Purdue University researchers may have isolated the substance most responsible for the tissue damage that follows initial spinal cord injury, a discovery that could also improve treatments for a host of other neurodegenerative conditions.
A research team led by Riyi Shi (REE-yee SHEE) has found that a chemical called acrolein, a known carcinogen, is present at high levels in spinal tissue for several days after a traumatic injury. Although acrolein is produced by the body and is non-toxic at normally occurring low levels, it becomes hazardous when its concentration increases, as it often does in tissue that experiences stresses such as exposure to smoke or pesticides. That list of stresses now includes physical damage, and in the case of spinal injury, acroleins hazard may be the key in causing debilitating paralysis that sets in after the initial trauma.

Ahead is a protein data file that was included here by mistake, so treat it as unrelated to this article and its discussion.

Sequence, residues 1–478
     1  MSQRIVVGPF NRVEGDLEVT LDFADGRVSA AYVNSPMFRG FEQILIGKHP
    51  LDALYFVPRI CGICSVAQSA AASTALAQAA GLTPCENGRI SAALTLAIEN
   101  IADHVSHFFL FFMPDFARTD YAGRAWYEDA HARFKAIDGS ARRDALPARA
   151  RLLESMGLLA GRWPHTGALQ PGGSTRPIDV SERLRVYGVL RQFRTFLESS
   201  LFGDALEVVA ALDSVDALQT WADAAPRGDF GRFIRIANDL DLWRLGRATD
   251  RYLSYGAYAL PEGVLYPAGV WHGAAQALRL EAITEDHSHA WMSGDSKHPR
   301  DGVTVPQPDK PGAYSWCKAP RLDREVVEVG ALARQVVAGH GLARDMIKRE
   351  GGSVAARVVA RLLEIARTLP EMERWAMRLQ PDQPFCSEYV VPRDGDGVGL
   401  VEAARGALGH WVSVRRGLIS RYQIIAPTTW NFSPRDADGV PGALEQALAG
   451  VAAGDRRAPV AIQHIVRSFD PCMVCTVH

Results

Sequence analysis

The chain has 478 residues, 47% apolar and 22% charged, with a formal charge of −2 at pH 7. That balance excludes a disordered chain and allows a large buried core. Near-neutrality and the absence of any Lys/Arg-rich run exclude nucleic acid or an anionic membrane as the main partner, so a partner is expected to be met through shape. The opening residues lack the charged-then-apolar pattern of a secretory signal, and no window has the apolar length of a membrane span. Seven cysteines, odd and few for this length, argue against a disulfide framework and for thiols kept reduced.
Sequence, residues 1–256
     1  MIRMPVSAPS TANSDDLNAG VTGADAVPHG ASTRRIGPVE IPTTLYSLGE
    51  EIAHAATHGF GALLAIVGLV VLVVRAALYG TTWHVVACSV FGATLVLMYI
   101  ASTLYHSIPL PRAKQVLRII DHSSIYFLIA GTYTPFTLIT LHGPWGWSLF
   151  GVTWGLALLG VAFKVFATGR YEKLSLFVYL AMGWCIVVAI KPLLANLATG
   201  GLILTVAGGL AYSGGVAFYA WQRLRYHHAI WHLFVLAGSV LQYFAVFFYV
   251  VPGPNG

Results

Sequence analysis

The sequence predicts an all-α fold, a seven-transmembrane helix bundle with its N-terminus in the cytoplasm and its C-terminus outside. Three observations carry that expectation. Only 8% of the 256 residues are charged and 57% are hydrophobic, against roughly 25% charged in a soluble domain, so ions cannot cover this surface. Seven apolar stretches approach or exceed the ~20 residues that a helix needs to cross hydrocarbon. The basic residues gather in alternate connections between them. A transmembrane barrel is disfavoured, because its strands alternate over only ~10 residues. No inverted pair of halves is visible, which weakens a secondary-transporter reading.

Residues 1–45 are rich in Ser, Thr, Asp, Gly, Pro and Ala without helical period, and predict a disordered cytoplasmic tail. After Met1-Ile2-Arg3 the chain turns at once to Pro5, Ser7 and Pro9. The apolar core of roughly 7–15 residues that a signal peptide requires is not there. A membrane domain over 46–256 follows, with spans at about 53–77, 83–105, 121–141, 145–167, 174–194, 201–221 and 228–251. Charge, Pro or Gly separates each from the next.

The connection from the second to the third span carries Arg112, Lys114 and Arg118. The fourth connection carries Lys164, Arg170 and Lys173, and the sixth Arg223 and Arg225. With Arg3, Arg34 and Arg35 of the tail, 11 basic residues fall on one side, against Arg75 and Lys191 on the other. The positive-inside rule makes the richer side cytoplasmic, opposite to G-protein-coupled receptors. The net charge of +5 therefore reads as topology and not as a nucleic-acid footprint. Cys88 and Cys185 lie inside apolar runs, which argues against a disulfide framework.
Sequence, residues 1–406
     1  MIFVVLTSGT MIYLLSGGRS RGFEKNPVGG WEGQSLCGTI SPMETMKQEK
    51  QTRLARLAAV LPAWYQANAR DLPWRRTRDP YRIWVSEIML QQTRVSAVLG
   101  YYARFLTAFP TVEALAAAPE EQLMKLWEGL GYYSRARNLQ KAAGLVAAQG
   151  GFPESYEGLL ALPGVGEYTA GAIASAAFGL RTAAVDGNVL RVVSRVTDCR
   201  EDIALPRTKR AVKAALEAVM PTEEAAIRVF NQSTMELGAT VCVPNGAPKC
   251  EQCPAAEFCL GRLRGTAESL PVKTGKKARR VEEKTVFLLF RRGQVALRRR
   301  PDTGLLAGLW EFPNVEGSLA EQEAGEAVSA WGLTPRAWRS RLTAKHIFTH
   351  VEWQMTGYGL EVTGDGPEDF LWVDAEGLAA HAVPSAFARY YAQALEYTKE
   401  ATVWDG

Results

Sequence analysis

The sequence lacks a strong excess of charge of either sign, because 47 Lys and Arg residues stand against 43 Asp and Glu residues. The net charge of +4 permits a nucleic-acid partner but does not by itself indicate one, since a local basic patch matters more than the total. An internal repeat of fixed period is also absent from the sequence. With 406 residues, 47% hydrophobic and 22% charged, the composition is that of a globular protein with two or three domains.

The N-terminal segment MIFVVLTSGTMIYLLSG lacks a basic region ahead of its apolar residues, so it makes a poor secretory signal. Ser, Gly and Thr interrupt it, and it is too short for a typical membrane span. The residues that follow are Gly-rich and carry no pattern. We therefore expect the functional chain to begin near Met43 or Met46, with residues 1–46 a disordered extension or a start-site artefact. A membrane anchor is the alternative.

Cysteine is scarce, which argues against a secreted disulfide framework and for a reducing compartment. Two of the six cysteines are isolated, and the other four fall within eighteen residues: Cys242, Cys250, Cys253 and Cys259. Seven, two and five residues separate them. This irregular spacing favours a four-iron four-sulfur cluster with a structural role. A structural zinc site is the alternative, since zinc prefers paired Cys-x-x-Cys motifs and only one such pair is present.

"When a spinal cord ruptures, not only are the traumatized cells at increased risk of damage from free radicals that oxidize the tissue, but the cells also spill chemicals that actually help the free radicals to launch repeated attacks," said Shi, who is an associate professor of neuroscience and biomedical engineering in Purdue’s School of Veterinary Medicine and Weldon School of Biomedical Engineering. "Our latest research indicates that acrolein may be the primary culprit that enables this vicious cycle. Because acrolein has already been implicated in cancer and neurological diseases, drugs that detoxify it could become important for treating not only spinal cord damage but a host of other conditions as well."
Chad Boutin | EurekAlert!
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